Down IV The Purple EP has all of the classic southern sludge you’d expect from the combined force of Pantera, COC, Crowbar and Eyehategod. Released Sept. 18, 2012.
Review by David Feltman
Southern metal supergroup, Down is establishing a definite ebb and flow with its releases. The debut album NOLA was a landmark metal album, Down II was strange and slapdash, Down III was a meditative monster and now we have Down IV, or the first part of it, The Purple EP, anyway. Sadly, Down IV seems intent on following its fellow even-numbered album into a strong “…ehhh” category.
IV doesn’t directly sound anything like II. There’s certainly none of the lighter country qualities of the earlier album. And maybe that’s something II even has over the newest release. II was at least interesting for its peculiarity. IV, for the most part, just is.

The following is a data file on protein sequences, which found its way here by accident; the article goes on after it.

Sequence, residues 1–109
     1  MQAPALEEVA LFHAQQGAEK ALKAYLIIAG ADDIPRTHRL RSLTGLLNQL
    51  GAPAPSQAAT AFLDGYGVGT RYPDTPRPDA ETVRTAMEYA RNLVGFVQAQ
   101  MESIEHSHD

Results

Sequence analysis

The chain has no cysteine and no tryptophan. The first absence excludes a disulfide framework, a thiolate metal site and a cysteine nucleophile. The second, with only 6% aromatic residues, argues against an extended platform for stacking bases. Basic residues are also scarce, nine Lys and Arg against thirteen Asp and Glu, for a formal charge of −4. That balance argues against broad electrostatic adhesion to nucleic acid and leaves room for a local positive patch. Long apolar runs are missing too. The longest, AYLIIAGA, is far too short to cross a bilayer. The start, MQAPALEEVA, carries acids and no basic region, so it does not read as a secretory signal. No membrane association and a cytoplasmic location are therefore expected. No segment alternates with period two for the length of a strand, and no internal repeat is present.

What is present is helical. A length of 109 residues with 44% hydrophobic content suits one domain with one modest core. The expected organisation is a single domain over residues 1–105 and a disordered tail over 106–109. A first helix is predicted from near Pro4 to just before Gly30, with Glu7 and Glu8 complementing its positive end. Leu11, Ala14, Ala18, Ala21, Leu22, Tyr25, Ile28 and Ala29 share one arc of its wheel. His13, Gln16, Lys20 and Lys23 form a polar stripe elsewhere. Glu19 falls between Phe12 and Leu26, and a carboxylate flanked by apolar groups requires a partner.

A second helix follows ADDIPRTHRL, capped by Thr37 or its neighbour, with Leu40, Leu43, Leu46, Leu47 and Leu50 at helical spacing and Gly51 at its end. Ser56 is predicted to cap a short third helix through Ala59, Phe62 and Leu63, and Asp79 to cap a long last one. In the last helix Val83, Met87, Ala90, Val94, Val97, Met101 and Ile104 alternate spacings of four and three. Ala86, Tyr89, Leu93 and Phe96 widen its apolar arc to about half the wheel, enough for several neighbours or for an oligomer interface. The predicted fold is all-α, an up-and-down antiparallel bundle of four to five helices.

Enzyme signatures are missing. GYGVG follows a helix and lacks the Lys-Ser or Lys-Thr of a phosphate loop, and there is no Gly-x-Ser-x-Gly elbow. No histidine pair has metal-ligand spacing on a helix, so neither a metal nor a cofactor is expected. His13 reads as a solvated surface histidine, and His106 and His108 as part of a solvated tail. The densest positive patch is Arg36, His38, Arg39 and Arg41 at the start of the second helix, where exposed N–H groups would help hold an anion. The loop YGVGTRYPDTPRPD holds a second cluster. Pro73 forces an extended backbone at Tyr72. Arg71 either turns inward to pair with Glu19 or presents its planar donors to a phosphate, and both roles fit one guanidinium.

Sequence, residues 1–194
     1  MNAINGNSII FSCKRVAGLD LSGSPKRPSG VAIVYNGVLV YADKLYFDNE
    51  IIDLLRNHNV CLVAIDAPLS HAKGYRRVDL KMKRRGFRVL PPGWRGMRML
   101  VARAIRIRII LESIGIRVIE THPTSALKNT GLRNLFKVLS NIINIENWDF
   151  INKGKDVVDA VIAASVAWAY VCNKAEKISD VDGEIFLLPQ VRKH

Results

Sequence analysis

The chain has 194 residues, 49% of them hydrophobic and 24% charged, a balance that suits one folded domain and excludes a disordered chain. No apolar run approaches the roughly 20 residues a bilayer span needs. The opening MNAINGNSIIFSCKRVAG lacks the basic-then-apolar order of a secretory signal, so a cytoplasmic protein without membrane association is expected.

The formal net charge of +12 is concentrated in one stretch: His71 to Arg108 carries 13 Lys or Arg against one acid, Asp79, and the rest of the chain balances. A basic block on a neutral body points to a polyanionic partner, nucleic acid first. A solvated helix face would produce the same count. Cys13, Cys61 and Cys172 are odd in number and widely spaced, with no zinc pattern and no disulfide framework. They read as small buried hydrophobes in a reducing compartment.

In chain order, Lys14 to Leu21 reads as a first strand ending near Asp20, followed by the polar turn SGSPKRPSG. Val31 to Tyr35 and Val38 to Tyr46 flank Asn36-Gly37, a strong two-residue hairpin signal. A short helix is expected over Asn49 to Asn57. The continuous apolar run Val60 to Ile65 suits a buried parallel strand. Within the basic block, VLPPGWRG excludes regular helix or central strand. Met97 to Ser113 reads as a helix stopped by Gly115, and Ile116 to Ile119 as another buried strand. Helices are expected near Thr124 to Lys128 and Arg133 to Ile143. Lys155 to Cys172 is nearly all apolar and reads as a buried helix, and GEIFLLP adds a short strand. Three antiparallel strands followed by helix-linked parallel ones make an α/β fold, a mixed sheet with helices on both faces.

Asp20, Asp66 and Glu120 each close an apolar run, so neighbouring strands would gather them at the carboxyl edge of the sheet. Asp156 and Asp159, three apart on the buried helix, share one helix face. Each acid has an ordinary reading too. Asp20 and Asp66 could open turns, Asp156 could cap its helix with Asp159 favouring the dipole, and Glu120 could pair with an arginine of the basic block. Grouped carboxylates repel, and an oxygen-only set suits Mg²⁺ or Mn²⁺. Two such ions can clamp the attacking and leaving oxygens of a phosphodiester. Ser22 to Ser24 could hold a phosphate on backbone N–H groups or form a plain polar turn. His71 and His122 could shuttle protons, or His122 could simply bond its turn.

This Purple EP has all of the classic southern sludge you’d expect from the combined force of Pantera, COC, Crowbar and Eyehategod. In that respect it’s slow and mean, but slow should translate to swampy and brutal, not lethargic. Down’s latest release feels like the band is going through the motions for most of these six tracks.
“Levitation” starts strong but becomes repetitious and never goes anywhere. “This Work is Timeless” is aimless with a wandering hook that just doesn’t feel fleshed out. “Misfortune Teller” is the one standout track. Clocking in at over seven minutes, “Misfortune Teller” remains dynamic and ferocious throughout.
There are more misses than hits in these scant six tracks. It’s strange to break up an LP into double EP releases and makes it additionally difficult to judge the merits of half an album. Perhaps part two will be better, if maybe by no other virtue than that it’ll technically be an odd-numbered release.